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How to Test an MFD Capacitor

By Brandy Alexander
Now you can troubleshoot capacitors yourself.

Testing an MFD capacitor, otherwise identified as a uF or micro farad capacitor, is easy with the right tool. Over the course of their lives, capacitors often become corroded and no longer perform their intended purpose. With a common digital capacitance meter, you can quickly and effectively test whether or not your capacitor is functioning as labeled. If your electronic device has stopped working, testing the capacitors in it is a great place to start to troubleshoot it back to working order.

Connect the black, negative lead of your capacitance meter to the shorter of the two terminals on the capacitor. If the terminals are of the same length, then it is not polarized, and you can attach the negative lead to either of them.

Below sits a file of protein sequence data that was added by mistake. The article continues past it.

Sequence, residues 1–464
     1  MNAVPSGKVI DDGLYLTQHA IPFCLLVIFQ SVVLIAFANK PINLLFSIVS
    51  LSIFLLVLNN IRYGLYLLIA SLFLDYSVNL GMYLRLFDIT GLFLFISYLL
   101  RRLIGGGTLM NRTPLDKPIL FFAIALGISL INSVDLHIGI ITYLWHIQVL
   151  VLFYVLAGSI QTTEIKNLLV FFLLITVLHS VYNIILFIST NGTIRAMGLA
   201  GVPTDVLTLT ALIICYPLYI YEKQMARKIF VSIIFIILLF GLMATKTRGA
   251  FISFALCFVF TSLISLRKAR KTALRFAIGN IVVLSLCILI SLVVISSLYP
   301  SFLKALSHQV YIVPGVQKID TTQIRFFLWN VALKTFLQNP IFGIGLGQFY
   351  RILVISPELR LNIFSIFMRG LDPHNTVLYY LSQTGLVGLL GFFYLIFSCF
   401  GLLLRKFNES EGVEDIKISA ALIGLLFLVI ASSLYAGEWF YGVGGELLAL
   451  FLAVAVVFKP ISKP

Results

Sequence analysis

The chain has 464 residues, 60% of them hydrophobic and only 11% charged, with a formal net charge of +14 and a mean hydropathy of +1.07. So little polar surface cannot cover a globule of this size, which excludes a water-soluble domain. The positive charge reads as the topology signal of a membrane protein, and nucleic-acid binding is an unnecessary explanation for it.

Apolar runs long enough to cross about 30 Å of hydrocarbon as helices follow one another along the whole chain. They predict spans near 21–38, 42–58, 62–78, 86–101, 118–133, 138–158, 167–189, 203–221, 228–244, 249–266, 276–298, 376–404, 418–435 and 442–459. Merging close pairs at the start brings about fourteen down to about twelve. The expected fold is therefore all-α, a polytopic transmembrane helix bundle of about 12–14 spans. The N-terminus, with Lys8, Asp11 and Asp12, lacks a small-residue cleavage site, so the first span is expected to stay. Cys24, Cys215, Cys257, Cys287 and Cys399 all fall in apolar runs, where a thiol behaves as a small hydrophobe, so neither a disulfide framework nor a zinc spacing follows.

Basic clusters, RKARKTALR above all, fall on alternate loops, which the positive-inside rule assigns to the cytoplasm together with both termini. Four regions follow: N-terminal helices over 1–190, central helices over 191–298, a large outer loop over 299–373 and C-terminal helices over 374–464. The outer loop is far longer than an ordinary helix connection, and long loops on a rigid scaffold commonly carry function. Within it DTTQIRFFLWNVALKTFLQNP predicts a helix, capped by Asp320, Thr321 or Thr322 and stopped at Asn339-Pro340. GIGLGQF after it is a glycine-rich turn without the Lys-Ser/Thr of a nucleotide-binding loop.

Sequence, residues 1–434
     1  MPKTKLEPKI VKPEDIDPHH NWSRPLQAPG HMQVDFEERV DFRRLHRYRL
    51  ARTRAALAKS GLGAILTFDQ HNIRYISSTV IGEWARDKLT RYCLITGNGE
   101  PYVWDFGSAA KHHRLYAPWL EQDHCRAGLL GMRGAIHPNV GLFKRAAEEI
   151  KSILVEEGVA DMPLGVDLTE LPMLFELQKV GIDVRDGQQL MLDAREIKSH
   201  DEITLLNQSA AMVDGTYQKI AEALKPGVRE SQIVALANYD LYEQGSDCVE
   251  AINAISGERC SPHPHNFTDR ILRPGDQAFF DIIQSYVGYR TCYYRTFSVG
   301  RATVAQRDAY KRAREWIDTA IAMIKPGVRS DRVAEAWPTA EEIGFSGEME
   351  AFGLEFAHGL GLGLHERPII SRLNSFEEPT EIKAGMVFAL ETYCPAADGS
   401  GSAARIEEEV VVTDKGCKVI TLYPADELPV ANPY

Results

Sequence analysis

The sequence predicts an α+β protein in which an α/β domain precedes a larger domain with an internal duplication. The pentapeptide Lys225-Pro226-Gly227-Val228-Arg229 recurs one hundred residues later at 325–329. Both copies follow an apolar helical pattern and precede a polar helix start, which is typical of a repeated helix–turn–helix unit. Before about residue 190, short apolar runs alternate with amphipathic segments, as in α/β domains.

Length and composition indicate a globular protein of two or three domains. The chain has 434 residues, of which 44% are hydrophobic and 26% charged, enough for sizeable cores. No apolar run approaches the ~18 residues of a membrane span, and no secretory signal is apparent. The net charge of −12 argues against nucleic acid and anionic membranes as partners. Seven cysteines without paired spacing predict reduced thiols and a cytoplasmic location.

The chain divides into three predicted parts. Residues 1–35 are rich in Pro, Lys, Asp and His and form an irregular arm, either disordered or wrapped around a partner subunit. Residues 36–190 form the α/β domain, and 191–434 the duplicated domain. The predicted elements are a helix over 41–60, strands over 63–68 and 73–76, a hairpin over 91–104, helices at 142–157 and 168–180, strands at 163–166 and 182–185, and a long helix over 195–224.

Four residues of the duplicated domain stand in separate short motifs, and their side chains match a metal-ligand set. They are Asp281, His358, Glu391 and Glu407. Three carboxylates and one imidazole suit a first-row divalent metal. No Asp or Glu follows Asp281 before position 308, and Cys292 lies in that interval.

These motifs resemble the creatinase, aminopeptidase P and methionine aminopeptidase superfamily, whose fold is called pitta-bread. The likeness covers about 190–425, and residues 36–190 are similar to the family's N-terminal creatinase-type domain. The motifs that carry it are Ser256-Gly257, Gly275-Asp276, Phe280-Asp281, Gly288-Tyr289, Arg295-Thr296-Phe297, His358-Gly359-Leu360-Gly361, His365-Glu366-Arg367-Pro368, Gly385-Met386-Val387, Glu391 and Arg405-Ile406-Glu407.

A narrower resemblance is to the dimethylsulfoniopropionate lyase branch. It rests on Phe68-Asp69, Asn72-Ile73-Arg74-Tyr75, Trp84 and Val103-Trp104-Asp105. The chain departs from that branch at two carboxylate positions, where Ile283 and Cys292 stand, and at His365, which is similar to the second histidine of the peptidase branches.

Connect the positive red lead from the meter to the other of the two terminals on the capacitor.

Adjust the selector wheel on the meter to the next-highest maximum reading than the rating printed on the capacitor. For example, if your capacitor was labeled as 270 uF/MFD, and your meter had a setting for both 200 uF and 2000 uF, you will need to select 2000 uF to get an accurate reading.

Read the display screen on the meter. If the value stated is above or below 10 percent of the value printed on the capacitor, then the capacitor is in working condition. If the value on the meter's screen is more than 10 percent above or below the value printed on the capacitor, it is not working as it should, and should be replaced with a properly functioning replacement. For example if the meter read 450uF and the capacitor is labeled 470uF, it is good. But if the meter reads 200uF, and the capacitor is labeled 470uF, it is not working properly

 

Things You Will Need

  • Digital capacitance meter

About the Author

 

Brandy Alexander began writing professionally in 1993. She has years of experience as a professional of the English language employed with the "Cape Times" and "The Mercury." Alexander holds a master's degree in English literature from Stellenbosch University in South Africa.